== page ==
HYMN 59 My God, How Wonderful Thou Art
Text: Frederick William Faber (1814-1863) Tune: Dundee
1. My God, how wonderful thou art,
Thy majesty how bright.
How beautiful thy mercy seat
In depths of burning light.
2. Wondrous are thine eternal years, O everlasting Lord, By holy angels day and night Unceasingly adored!
3. O how I fear thee, living God, With deepest, tend'rest fears, And worship thee with trembling hope And penitential tears!
4. Yet I may love thee too, O Lord, Almighty as thou art, For thou hast stooped to ask of me The love of my poor heart.
5. No earthly father loves like thee, No mother half so mild Bears and forbears, as thou hast done With me, thy sinful child.
6. How wonderful, how beautiful, The sight of thee will be, Thine endless wisdom, boundless pow'r, And awesome purity!
7. Father of Jesus, Love divine, What rapture it will be, Prostrate before thy throne to lie, And gaze and gaze on thee!
A concert always includes a variety of numbers that work on our emotions in certain ways. The church college choir concert would usually begin with classical numbers by Bach or Mendelssohn, etc. the best of the lot. Then toward the end the numbers would be crowd pleasers. A familiar hymn or anthem with a thrilling solo voice featured in it would bring down the house. F. Melius Christiansen was a master at writing that kind of anthem. "My God How Wonderful Thou Art" was among his more popular works.
I first sang it when I was in the Augsburg Cantorians, a choir of underclasswomen who had not yet made it into the choir. Mayo Savold, our conductor, loved the piece and it was our crowd pleaser. Memorizing the text gave me language I still use for my faith.
Christiansen was part of a group of Lutheran college musicians in this country who shrewdly understood that they had to teach the next generation the music of faith that they were heir to. Some feared that by insisting on Lutheran chorale music, they were singing their children out of the Lutheran Church. What was Lutheran music and what should our children learn was a question that raged among them.
The pastors and musicians came up with a brilliant solution: a Choral Union. The roots of it began in 1892 or 1893 when Theodore Reimestad at Augsburg Seminary where Christiansen taught at the time, began organizing choral extravaganzas for young people. Reimestad and other pastors who loved music would announce through the church papers in the early spring the songs they were going to sing. The young people would order the music from the publisher and practice it, and then in the summer appear in a selected city for a few days of singing. They learned much: their heritage, their faith, while meeting other young people.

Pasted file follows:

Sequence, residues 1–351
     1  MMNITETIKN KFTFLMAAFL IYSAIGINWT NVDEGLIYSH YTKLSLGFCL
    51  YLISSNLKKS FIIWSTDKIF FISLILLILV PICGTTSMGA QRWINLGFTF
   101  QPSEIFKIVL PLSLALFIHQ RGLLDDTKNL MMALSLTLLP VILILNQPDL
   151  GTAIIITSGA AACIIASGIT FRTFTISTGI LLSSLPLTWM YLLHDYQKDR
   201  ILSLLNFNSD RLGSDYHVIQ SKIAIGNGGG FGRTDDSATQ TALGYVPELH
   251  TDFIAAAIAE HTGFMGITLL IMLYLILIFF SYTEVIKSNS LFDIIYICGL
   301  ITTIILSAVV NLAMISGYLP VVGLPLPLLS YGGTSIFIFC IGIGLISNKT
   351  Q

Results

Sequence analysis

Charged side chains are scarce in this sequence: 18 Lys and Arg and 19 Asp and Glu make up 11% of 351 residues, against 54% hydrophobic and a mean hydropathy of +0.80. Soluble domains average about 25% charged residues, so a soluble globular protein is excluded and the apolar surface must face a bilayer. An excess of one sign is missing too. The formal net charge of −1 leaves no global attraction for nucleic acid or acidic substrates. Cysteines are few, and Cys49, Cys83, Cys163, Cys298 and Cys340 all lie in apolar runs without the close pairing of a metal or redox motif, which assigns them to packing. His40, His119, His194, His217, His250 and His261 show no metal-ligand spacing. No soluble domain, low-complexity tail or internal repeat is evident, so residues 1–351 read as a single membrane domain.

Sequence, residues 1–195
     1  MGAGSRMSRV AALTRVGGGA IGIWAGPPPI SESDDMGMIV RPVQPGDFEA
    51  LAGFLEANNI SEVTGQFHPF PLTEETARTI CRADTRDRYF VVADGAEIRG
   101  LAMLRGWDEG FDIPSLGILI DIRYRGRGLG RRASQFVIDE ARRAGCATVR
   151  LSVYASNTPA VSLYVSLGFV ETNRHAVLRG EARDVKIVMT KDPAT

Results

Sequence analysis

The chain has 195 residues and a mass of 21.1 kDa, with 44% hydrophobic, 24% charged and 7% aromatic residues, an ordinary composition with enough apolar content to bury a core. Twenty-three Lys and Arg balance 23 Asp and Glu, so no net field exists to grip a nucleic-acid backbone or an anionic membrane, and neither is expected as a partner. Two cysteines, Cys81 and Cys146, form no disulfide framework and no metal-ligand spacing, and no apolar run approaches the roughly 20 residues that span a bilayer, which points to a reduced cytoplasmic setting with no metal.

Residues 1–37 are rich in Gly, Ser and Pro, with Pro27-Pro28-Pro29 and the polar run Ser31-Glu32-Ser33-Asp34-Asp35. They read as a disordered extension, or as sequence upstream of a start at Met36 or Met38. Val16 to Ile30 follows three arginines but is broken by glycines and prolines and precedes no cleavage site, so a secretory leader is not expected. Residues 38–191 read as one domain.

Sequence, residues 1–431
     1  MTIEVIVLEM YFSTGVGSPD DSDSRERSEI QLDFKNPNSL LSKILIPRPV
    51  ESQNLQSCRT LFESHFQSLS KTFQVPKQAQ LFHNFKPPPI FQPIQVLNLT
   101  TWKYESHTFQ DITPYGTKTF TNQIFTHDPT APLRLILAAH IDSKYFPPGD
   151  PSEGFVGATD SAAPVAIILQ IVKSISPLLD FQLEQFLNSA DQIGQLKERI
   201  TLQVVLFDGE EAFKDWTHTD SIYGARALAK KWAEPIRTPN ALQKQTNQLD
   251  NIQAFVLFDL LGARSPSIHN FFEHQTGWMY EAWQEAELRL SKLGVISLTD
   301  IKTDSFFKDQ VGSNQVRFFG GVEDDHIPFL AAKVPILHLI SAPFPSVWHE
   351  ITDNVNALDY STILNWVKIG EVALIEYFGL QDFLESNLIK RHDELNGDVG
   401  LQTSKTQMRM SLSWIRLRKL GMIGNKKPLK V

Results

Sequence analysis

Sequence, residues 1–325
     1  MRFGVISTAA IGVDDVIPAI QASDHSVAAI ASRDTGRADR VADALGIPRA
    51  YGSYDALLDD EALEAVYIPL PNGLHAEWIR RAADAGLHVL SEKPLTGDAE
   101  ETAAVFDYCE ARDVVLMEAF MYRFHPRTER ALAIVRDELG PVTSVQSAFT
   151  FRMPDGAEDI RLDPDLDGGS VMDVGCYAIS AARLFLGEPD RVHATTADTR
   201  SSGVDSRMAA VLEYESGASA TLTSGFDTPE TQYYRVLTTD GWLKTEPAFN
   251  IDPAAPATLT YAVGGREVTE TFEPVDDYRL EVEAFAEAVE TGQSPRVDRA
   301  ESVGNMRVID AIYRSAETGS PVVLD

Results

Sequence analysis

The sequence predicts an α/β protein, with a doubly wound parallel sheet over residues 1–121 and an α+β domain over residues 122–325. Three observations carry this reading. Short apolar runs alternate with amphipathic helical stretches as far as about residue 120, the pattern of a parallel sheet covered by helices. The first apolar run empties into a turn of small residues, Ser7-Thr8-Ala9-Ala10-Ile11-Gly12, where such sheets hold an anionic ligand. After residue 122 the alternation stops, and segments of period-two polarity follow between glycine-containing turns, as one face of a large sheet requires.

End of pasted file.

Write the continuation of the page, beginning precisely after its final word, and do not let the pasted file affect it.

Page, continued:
As this developed Christiansen and the president of St. Olaf, John N. Kildahl, (1857-1920) began to arrange singing and preaching events. Kildahl, a silver tongued orator, would preach and Christiansen would lead the singing. Their repertoire included German and Scandinavian Lutheran chorales like “Wake, Awake for Night is Flying,” Scandinavian folk hymns like “I Saw Him in Childhood,” and English hymns like “My God How Wonderful Thou Art”.
It grew and grew and became an active organization called the Choral Union. The young people gathered by the thousands, some report 2,000 to 3,000 young people would come to be directed by the college choir directors. From these experiences they learned to cherish their heritage and be challenged to live for Jesus. The former Bishop Mark Hanson’s father, Oscar C. Hanson along with Oscar Overby from St. Olaf continued these events through the 1950s and gave young people experiences they would never forget—and keep them in the Lutheran church. The tradition lasted until 1961—Paul Christiansen’s Una Sancta was the last event. It was presented at the service that began the American Lutheran Church.
This simple hymn became a favorite, especially its beautiful arrangements. Hyperboles are the poetry of faith. Once again, the images point beyond what we can say about the presence of God--"the depths of burning light", "no earthly father loves like thee." "No mother e'er so mild." "What rapture it will be." These simple phrases, memorized for an anthem, still run through my mind when I want to find words for praise. It is what these choir directors and pastors hoped would happen to all their singers. A moment of holiness that could change a life forever.
HYMN INFO Frederick Faber was a member of the Oxford Movement, a disciple of John Henry Cardinal Newman. Faber followed Newman out of the Anglican church to the Roman Catholic Church in 1845. A gifted man who thought Catholics should sing hymns like those of Wesley and Cowper, Faber successfully wrote several classics in their simple fervent style. Among his many hymns was “Faith of our Fathers, living still.”
The tune comes from the Scottish Psalter, first printed in 1615. It has given the world some of its most beautiful and simple hymn tunes.
(Unfortunately I can't find the F. Melius' setting, but this is a version of it)
The Concordia Chapel Choir singing Oscar Overby’s setting. Overby led the Choral Union along with F. Melius and afterwards
The Merrill Staton Choir